Waco CG-4

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CG-4A
Waco CG-4A USAF.JPG
CG-4A
Role Military glider
Manufacturer Waco Aircraft Company
First flight 1942
Primary users United States Army Air Forces
Royal Air Force
Royal Canadian Air Force
United States Navy
Number built >13,903
Variants Waco CG-15

The Waco CG-4A was the most widely used United States troop/cargo military glider of World War II. It was designated the CG-4A by the United States Army Air Forces,[1] and named Hadrian in British military service.

Designed by the Waco Aircraft Company, flight testing began in May 1942, and eventually more than 13,900 CG-4As were delivered.

Design and development[edit]

The CG-4A was constructed of fabric-covered wood and metal and was crewed by a pilot and copilot. It had two fixed mainwheels and a tailwheel.

The CG-4A could carry 13 troops and their equipment. Cargo loads could be a 14ton truck (i.e. a Jeep), a 75 mm howitzer, or a 14ton trailer, loaded through the upward-hinged nose section. C-47s were usually used as tow aircraft. A few C-46 tugs were used during and after Operation Plunder.

The USAAF CG-4A tow line was 1116-inch-diameter (17 mm) nylon, 350 feet (107 m) long. The CG-4A pickup line was 1516inch- (24 mm)-diameter nylon, but only 225 ft (69 m) long including the doubled loop.

In effort to identify areas where strategic materials could be reduced, a single XCG-4B was built at the Timm Aircraft Corporation using wood for the main structure.

[2]

Production[edit]

From 1942-1945, the Ford Motor Company's Kingsford plant built 4,190 Model CG-4A gliders for use in combat operations during World War II. The Kingsford plant built more CG-4A gliders than any other company in the nation at much less cost than other manufacturers. The primary builders of the Model CG-4A gliders were located in Troy, Ohio; Greenville, Michigan; Astoria, New York; Kansas City, Missouri; St. Paul, Minnesota; and Kingsford, Michigan.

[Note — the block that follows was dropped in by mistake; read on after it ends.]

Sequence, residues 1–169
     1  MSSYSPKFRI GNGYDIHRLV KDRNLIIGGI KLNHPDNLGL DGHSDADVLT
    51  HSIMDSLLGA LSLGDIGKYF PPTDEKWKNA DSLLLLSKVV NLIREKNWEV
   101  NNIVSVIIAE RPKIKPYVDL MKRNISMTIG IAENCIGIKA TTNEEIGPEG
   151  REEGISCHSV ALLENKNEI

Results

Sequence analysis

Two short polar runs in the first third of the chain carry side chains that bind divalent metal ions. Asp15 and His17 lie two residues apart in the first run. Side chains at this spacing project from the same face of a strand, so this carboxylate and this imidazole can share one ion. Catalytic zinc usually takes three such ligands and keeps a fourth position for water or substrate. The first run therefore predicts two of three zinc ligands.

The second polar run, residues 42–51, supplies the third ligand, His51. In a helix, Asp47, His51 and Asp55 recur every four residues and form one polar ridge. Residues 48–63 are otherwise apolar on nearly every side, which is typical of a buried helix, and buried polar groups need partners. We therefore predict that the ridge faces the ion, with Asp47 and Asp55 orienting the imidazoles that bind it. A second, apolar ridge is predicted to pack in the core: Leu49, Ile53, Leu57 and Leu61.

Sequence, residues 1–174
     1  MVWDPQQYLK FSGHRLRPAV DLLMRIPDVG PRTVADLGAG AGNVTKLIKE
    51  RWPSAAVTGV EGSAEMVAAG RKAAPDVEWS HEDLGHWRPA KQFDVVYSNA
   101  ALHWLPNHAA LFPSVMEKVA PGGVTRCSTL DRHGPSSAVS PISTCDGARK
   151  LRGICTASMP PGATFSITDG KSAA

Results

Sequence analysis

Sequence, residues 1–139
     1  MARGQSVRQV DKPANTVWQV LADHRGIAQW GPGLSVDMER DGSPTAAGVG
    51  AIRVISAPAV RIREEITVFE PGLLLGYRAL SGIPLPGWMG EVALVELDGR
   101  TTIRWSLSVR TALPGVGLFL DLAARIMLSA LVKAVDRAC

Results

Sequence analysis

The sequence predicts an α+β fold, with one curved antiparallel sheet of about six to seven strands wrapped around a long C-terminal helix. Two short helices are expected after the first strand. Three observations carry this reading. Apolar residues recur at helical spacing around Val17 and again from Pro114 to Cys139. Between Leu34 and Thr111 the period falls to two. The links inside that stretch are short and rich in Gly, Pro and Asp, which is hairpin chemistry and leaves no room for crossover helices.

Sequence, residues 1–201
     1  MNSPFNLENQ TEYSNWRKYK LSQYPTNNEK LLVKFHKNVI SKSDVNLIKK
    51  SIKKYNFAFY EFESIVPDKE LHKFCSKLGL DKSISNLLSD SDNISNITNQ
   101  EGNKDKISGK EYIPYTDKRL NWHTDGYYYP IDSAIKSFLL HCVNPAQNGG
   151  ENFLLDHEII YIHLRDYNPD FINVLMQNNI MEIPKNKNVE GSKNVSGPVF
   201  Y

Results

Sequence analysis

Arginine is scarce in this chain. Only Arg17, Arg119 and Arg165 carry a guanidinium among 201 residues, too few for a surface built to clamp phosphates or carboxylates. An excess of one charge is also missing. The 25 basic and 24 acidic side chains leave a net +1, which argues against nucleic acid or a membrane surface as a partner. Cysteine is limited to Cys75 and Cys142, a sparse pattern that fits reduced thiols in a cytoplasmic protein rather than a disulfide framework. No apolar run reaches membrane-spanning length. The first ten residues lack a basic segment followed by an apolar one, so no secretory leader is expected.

The 16 companies that were prime contractors for manufacturing the CG-4A were:

The factories ran 24-hour shifts to build the gliders. One night-shift worker in the Wicks Aircraft Company factory in Kansas City wrote,

On one side of the huge bricked-in room is a fan running, on the other a cascade of water to keep the air from becoming too saturated with paint. The men man the paint sprayers covering the huge wings of the glider with the Khaki or Blue and finishing it off with that thrilling white star enclosed in a blue circle that is winging its way around the world for victory ...

The wings are first covered with a canvas fabric stretched on like wallpaper over plywood then every seam, hold, open place, closed place, and edge is taped down with the all adhesive dope that not only makes the wings airtight, but covers my hands, my slacks, my eyebrows, my hair, and my tools with a fast-drying coat that peels off like nail polish or rubs off with a thinner that burns like Hell.[8]